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  • Writer's pictureAlice Pearson


Updated: Apr 19, 2021

‘The social façade’ was my final major project which explored the lingering ideals of masculinity, and it’s inevitable consequences. I received 100% distinction as my final grade for this project.

(Photography & Illustrations by Alice Pearson)

The topic played with the representation of gender and identity of manhood within today’s society, in an attempt to visualise the systematic pressures which still serves to silence its members. I became most passionate about the restriction of the male emotion, due tomany feeling discouraged from showing any ‘emasculating’ emotions.

My project attempted to visualise the starchy nature of British culture, to the stiff unforgiving collar of the classic men's shirt.

(Photography & Illustrations by Alice Pearson)

It could be argued, that a many Britian’s reluctance to downplay their inner struggles can be directly linked back to war-time stoicism. As a society, we often lull ourselves into superficial façade of calm, despite the inner turmoil that lies beneath the surface. As a child I remember adults frequently telling boys, including my brother, other friends to 'man up'. We are told to ‘turn the other cheek', when faced with personal adversity. Save face when the cracks begin to show in the foundations of our hardened exterior.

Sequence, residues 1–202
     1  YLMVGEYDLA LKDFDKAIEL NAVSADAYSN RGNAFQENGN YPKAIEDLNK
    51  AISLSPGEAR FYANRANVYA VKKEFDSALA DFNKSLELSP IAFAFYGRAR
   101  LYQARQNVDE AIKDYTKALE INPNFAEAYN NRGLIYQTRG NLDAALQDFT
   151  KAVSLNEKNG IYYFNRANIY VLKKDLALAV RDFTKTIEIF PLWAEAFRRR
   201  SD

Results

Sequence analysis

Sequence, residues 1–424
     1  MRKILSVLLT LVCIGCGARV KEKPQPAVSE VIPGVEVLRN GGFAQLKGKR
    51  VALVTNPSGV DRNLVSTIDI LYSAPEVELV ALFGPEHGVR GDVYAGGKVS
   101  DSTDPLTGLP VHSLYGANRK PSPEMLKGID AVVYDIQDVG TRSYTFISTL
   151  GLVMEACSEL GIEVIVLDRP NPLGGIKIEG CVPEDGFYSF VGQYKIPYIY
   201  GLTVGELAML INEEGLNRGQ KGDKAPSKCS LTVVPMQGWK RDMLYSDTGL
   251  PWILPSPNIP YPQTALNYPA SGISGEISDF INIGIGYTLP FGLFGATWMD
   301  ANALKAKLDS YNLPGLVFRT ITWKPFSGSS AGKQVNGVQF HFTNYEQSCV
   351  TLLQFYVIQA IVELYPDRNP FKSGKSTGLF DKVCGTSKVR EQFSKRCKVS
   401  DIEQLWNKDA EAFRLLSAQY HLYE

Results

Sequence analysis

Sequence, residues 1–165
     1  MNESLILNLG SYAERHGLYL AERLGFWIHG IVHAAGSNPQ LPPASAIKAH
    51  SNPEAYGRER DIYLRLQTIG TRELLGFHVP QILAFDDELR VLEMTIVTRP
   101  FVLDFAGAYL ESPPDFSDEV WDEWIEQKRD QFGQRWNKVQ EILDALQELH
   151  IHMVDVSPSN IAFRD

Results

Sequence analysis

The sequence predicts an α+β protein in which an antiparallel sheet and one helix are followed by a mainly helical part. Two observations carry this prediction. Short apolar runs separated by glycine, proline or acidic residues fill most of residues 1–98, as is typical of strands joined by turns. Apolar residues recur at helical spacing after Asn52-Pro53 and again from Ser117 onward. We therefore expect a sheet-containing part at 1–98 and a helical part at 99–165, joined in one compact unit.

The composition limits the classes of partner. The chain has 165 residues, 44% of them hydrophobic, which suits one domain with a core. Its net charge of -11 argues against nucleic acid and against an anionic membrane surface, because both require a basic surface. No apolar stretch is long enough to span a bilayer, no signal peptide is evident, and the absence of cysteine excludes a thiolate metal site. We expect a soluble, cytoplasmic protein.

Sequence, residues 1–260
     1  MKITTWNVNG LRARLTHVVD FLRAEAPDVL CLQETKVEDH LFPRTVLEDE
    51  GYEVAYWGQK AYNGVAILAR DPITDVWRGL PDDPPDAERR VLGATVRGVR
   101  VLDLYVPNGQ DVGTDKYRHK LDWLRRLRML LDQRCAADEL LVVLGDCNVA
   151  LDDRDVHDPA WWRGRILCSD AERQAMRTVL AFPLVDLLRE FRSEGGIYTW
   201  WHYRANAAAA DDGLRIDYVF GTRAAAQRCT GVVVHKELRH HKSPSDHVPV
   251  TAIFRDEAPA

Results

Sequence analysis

Despite great progression, the toxic power play between the guise of masculinity and one’s inability still remains in today's society.

In 2017 “5,821 suicides were recorded in Great Britain”, of these, “ 75% were male and 25% were female” (Mentalhealth, 2017).

One could argue, the white shirt has, in turn, evolved to embody the issue at hand. Originally “worn exclusively by men” (British Library), the origins of the undergarment can be traced back to as far as 3000 BC. As the shirt progressed with time, it evolved with increased symbolic and political significance; to highlight masculinity, and in turn, the gender of its wearer. Today, the garment remains a staple item of male professionalism in the workplace.

Thus, I began to visualise the similarities of the ‘starchy’ collared shirt that tightly fastened around the neck, to the toxic ideal of British masculinity. Their combined restrictive nature could contribute to man’s inability to speak up, for fear of shattering the masculine illusion.


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